In the case before the court plaintiff pleaded guilty to conspiracy to distribute drugs. This is a violation of N.J.S.A. 2C:5-2, not N.J.S.A. 2C:35-1 et seq. The crime of conspiracy is a separate and distinct crime from the substantive offense involved in it. State v. Maddox, 153 N.J. Super. 201, 211, 379 A.2d 460 (App.Div.1977). Under the plain language of the statute, therefore, plaintiff has not pleaded guilty to an offense under the Comprehensive Drug Reform Act.

In State in Interest of W.M., 237 N.J. Super. 111, 567 A.2d 217 (App.Div.1989), the court had to determine if a juvenile, adjudicated delinquent based on conduct which if committed by

[263 NJSuper Page 565]

an adult would have constituted a conspiracy to distribute cocaine, required the imposition of mandatory penalties under the Comprehensive Drug Reform Act, N.J.S.A. 2C:35-1 et seq. The penalties included a $1,000 Demand Reduction (DEDR) penalty, N.J.S.A. 2C:35-15, a six month postponement of driving privileges, N.J.S.A. 2C:35-16, and a $25 forensic laboratory fee, N.J.S.A. 2C:35-20. In deciding the statutory challenge the court concluded that the penalties in question were not applicable to convictions for conspiracy, since conspiracy was not an offense found under the provision of either N.J.S.A. 2C:35-1 or N.J.S.A. 2C:36-1. The court stated the following:

We believe that had the Legislature intended to include conspiracy under the Comprehensive Drug Reform Act, it would have explicitly done so. The mere fact that the object of the conspiracy is a crime under the act, or that the conspiracy is graded in accordance with the grading for the Chapter 35 crime, is insufficient to support the theory that a mere conspiracy alone constitutes an offense under Chapter 35 (or 36), compelling the imposition of the mandatory penalties under the act.

Interest of W.M., supra, 237 N.J. Super. at 117-118, 567 A.2d 217.

In other words, it was concluded that since the plain language of the drug acts did not include the offense of conspiracy, the imposition of mandatory penalties which required a conviction for the substantive offenses was not appropriate.

A similar analysis may be applied in the instant case. It is clear that a penal statute should be strictly construed and cannot be extended by implication. State v. Valentin, 105 N.J. 14, 17, 519 A.2d 322 (1987). It allows ordinary people to understand what conduct is prohibited. Id. at 18, 519 A.2d 322. The Anti-Eviction Act should be construed in a like manner so as to allow a tenant to understand what the consequences may be as a result of his or her actions while residing in the leased premises. A tenant is entitled to fair warning of what will constitute grounds for removal.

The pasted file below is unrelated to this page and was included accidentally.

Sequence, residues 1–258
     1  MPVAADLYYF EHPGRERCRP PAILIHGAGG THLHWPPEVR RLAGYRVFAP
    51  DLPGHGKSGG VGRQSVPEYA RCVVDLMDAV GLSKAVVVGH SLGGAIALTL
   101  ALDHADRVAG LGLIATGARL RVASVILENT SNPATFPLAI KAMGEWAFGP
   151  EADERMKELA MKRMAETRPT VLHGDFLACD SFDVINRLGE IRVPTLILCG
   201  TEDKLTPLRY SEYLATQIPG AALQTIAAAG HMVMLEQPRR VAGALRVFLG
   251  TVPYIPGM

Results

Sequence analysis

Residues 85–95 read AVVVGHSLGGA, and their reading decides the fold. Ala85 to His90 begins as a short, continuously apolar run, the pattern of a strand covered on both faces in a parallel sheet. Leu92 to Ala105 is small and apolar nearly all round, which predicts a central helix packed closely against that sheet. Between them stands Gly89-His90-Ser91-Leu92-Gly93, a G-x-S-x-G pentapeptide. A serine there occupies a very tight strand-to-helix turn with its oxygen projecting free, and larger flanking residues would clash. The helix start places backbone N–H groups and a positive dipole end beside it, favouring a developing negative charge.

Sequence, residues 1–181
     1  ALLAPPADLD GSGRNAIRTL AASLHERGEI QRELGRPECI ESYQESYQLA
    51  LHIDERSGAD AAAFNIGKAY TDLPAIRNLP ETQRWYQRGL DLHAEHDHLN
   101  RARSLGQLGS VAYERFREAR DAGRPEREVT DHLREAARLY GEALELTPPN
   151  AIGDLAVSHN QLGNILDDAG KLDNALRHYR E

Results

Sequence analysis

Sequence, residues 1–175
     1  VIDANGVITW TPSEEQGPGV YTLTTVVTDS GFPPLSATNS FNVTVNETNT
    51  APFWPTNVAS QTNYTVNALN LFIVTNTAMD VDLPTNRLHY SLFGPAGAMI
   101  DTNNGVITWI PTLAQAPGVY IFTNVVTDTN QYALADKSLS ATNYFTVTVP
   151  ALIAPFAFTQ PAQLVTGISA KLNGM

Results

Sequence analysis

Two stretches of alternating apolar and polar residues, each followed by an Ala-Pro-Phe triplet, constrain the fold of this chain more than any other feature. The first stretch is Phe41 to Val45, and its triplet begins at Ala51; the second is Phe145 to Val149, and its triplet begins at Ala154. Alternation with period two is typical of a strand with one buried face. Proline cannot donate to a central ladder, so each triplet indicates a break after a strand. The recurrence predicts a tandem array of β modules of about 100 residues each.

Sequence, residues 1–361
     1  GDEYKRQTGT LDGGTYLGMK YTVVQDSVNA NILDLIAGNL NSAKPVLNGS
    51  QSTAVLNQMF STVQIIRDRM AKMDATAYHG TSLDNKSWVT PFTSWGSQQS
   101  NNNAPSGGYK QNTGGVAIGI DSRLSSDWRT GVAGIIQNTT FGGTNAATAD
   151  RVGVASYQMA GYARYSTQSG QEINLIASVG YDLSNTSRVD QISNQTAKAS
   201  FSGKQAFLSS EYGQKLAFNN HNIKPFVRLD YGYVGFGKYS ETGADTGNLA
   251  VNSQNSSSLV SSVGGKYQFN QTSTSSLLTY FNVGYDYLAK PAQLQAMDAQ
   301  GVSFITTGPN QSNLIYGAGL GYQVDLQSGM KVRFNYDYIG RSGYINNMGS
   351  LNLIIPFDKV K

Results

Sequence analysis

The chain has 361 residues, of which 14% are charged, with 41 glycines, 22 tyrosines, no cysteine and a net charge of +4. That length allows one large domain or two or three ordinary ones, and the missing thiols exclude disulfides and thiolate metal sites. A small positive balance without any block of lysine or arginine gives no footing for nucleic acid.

The Act must be read in a manner which will give effect to the legislative purpose behind it, which is to protect residential tenancies. A.P. Development v. Band, supra, 113 N.J. at 492, 550 A.2d 1220. Had the Legislature intended to include

[263 NJSuper Page 566]

conspiracy to commit a drug offense as a basis for eviction under subsection (n) of the Act, it clearly could have so stated. Under the expressio unius doctrine, it is generally held that where the Legislature makes express mention of one thing, the exclusion of others is implied. Shapiro v. Essex Cty. Freeholders Bd., 177 N.J. Super. 87, 94, 424 A.2d 1203 (Law Div.1980), citing Gangemi v. Berry, 25 N.J. 1, 11, 134 A.2d 1 (1957). By implication it is therefore concluded that the Legislature did not intend to include conspiracy to distribute a controlled dangerous substance as an offense which would require a tenant's removal under the Act.

The motion to dismiss that portion of plaintiff's complaint seeking an eviction based on N.J.S.A. 2A:18-61.1(n) is therefore granted.

Disposition

The motion to dismiss that portion of plaintiff's complaint seeking an eviction based on N.J.S.A. 2A:18-61.1(n) is therefore granted.